Search for extraterrestrial intelligence. Screen shot of the screensaver for SETI@home, a distributed computing project in which volunteers donate idle computer power to analyze radio signals for signs of extraterrestrial intelligence The search for extraterrestrial intelligence (SETI) is the collective name for a number of activities undertaken to search for intelligent extraterrestrial life.
SETI projects use scientific methods in this search. For example, electromagnetic radiation is monitored for signs of transmissions from civilizations on other worlds. Some of the most well-known projects are run by Harvard University, the University of California, Berkeley, or the SETI Institute. In 1995, the United States federal government ceased funding to SETI projects, forcing them to turn to private funding to continue the search, though in recent years, government funding of SETI has resumed at modest levels. Radio experiments Microwave window as seen by a ground based system. Early work Search for life suggests solar systems more habitable than ours. Public release date: 3-Dec-2012 [ Print | E-mail Share ] [ Close Window ] Contact: Pam Frost GorderGorder.firstname.lastname@example.org 614-292-9475Ohio State University SAN FRANCISCO—Scattered around the Milky Way are stars that resemble our own sun—but a new study is finding that any planets orbiting those stars may very well be hotter and more dynamic than Earth.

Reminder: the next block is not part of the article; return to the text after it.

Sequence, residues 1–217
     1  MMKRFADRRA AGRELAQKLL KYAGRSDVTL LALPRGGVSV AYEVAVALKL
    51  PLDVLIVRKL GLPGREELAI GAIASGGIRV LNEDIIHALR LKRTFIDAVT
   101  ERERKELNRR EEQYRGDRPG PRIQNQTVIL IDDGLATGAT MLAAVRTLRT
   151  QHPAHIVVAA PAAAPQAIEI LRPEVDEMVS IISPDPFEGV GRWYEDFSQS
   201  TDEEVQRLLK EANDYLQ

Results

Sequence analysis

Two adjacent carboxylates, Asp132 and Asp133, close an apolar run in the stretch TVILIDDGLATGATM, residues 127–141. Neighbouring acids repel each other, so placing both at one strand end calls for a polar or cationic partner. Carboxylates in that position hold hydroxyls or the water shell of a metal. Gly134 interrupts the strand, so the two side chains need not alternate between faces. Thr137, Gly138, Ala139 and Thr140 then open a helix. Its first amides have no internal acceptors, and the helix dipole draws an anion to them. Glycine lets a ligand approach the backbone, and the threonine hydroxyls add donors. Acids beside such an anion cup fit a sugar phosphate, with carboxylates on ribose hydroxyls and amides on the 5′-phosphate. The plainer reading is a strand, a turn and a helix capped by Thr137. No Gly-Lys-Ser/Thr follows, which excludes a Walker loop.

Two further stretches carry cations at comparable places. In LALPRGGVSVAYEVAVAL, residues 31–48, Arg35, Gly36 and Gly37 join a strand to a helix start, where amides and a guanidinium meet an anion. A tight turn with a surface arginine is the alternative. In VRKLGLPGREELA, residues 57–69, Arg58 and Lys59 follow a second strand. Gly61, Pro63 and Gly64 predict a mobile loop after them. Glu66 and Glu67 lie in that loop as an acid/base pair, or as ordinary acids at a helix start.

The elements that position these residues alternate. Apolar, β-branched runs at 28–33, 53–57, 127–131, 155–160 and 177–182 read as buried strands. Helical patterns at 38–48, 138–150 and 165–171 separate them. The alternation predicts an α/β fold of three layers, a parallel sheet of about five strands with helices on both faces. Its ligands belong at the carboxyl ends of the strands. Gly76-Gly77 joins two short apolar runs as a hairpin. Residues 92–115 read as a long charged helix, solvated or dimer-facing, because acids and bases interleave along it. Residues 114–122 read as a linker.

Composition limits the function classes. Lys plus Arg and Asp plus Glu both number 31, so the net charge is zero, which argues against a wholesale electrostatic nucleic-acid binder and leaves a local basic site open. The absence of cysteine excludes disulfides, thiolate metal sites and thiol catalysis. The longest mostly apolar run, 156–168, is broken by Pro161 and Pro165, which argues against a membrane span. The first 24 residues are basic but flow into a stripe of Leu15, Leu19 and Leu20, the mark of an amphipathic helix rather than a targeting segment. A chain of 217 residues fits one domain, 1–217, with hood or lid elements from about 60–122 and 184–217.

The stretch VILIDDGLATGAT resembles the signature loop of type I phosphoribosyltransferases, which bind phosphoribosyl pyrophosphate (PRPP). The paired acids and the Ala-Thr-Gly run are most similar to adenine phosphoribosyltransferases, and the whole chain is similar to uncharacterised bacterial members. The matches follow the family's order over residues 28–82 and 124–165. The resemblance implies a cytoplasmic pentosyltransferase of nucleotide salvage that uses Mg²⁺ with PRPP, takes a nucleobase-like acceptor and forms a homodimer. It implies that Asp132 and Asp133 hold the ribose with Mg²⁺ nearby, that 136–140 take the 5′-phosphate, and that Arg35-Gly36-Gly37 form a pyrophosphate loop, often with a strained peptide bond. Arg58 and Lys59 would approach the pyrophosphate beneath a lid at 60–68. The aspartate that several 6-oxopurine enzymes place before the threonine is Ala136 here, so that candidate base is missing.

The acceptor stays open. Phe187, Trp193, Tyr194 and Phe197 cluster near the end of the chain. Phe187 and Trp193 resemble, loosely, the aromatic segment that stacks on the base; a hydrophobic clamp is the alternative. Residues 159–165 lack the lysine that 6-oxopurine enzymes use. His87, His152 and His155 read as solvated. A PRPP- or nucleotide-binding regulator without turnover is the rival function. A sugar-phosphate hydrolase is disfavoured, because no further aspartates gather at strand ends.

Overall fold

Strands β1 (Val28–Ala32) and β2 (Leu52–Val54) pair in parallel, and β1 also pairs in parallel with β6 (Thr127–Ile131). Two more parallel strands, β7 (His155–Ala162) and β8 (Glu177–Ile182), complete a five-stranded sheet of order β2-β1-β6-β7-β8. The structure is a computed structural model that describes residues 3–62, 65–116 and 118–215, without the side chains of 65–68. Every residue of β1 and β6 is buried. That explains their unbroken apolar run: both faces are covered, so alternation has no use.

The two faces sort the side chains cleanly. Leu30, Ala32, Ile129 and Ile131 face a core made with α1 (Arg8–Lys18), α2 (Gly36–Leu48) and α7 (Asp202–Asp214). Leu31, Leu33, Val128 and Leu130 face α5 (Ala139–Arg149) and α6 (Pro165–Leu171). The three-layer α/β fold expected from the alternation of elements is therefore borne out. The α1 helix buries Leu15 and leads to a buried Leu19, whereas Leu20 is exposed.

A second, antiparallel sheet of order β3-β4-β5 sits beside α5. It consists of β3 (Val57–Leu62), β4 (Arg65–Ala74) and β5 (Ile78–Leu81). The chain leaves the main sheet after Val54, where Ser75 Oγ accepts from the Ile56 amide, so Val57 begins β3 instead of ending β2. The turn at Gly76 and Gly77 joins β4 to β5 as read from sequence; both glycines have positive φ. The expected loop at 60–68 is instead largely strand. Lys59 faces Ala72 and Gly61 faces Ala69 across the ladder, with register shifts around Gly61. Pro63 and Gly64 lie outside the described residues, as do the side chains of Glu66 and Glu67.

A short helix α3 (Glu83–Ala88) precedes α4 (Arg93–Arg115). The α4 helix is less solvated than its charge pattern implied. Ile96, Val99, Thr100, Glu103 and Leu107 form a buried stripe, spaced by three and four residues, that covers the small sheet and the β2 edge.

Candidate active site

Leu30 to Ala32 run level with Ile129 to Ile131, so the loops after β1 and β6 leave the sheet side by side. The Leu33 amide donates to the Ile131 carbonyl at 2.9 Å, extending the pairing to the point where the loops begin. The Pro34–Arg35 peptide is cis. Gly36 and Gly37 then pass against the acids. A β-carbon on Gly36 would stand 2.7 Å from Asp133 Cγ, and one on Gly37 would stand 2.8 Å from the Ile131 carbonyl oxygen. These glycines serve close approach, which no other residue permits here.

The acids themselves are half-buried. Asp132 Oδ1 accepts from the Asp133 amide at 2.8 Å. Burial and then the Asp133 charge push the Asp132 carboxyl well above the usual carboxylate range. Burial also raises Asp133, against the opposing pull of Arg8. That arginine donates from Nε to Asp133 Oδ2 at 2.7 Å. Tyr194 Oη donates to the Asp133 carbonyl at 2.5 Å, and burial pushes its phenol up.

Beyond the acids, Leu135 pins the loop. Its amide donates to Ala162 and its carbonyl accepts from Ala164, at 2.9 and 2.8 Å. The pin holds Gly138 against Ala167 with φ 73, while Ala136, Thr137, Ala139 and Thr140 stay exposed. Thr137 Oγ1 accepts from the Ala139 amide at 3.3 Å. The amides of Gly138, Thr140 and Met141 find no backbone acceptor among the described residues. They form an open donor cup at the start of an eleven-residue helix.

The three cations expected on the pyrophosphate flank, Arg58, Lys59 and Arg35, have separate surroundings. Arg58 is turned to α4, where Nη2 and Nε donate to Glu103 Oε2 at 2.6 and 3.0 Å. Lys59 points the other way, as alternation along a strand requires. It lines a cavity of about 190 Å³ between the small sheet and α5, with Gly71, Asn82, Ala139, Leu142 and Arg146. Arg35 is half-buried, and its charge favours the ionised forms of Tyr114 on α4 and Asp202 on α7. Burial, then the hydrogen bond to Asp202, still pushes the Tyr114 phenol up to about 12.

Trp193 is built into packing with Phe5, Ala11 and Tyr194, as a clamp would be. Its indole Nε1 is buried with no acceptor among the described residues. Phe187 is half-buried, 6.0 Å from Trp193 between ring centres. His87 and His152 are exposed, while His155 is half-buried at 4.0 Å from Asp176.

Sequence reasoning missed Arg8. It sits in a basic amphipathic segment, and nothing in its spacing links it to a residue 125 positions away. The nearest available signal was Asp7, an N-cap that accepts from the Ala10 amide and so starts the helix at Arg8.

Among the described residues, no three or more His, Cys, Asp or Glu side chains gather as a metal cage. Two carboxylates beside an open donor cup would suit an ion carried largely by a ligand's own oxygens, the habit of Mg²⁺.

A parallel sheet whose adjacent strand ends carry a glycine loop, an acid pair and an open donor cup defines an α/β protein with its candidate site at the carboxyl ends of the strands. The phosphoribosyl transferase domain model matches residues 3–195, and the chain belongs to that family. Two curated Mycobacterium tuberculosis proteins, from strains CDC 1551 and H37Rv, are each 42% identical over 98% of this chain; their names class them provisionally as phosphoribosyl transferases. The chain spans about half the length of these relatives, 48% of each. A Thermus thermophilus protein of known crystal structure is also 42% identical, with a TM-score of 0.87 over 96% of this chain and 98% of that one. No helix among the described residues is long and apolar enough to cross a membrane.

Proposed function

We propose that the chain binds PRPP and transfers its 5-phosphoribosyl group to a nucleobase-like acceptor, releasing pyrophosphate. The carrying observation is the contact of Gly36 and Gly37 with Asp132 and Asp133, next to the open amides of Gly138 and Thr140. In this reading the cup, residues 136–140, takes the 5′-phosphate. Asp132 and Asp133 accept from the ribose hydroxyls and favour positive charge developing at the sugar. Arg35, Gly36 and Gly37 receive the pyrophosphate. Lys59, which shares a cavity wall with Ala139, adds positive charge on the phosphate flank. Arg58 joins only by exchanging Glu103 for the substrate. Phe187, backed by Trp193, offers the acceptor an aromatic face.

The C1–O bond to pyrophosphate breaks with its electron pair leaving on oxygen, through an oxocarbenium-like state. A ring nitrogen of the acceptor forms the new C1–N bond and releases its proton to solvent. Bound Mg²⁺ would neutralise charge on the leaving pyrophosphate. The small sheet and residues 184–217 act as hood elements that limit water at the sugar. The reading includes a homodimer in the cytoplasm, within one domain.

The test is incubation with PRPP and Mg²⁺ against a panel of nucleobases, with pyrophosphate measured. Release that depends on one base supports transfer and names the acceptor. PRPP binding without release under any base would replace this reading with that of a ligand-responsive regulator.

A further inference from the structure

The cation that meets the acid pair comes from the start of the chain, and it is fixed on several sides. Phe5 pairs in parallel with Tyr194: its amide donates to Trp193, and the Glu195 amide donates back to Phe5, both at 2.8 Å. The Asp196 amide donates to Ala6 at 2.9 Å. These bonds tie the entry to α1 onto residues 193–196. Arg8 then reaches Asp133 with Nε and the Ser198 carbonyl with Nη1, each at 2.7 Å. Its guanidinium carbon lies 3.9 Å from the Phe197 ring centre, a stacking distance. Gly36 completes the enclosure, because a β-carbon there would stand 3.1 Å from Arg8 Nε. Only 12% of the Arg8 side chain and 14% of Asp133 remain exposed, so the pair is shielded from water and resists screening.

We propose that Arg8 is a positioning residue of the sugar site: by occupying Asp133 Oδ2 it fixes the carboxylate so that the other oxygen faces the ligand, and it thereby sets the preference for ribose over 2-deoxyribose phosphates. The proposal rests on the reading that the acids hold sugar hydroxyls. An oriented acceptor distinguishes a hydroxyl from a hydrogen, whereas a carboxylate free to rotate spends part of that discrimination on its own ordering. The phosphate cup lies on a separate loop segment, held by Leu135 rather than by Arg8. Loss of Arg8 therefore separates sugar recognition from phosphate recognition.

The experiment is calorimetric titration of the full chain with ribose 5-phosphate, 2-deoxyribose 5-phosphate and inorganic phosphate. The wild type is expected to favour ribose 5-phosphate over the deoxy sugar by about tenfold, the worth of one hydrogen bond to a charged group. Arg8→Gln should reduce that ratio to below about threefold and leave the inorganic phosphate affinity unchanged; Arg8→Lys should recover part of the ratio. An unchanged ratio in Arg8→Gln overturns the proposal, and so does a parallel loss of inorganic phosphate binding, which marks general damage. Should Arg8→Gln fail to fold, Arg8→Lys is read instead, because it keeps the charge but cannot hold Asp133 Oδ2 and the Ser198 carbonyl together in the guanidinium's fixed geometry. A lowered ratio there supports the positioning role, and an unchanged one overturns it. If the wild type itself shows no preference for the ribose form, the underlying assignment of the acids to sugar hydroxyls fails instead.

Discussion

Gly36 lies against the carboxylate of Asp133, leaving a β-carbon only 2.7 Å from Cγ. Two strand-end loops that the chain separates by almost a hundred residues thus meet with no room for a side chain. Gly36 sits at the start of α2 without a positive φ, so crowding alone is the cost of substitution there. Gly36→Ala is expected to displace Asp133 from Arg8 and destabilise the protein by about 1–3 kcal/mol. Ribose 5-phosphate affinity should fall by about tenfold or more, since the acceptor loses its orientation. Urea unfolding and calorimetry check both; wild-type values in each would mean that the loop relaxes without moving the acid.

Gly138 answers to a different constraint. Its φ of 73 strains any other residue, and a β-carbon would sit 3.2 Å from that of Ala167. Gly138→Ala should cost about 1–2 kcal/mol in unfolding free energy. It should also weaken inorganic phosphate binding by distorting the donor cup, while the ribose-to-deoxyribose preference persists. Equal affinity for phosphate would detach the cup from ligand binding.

That's because the interiors of any terrestrial planets in these systems are likely warmer than Earth—up to 25 percent warmer, which would make them more geologically active and more likely to retain enough liquid water to support life, at least in its microbial form. Hunt for alien spacecraft begins, as planet-spotting scientist Geoff Marcy gets funding. Artist rendering of alien spaceship Photo: Ray Edgar In the field of planet hunting, Geoff Marcy is a star.
After all, the astronomer at the University of California at Berkeley found nearly three-quarters of the first 100 planets discovered outside our solar system. Self-replicating alien space probes could already be in our solar system, say mathematicians - Science - News. The probes, which mathematicians Duncan Forgan and Arwen Nicholson referred to in their paper 'Slingshot Dynamics for Self Replicating Probes and the Effect on Exploration Timescales', could be so hi-tech that they're invisible to human beings, the researchers said.
The two mathematicians analysed the possibility that probes could travel through space in a study published in the Journal of Astrobiology. The paper raises the question of whether alien races could have used the gravity of stars to “slingshot” probes in order to gain speed: a technique humans already use for probes, such as the Voyager. SETI Institute.
SETI Search Reveals No Alien Signals from Exoplanets. Intelligent alien life is likely relatively rare throughout our Milky Way galaxy, with fewer than one in a million solar systems harboring civilizations advanced enough to send out radio signals, a new study reports.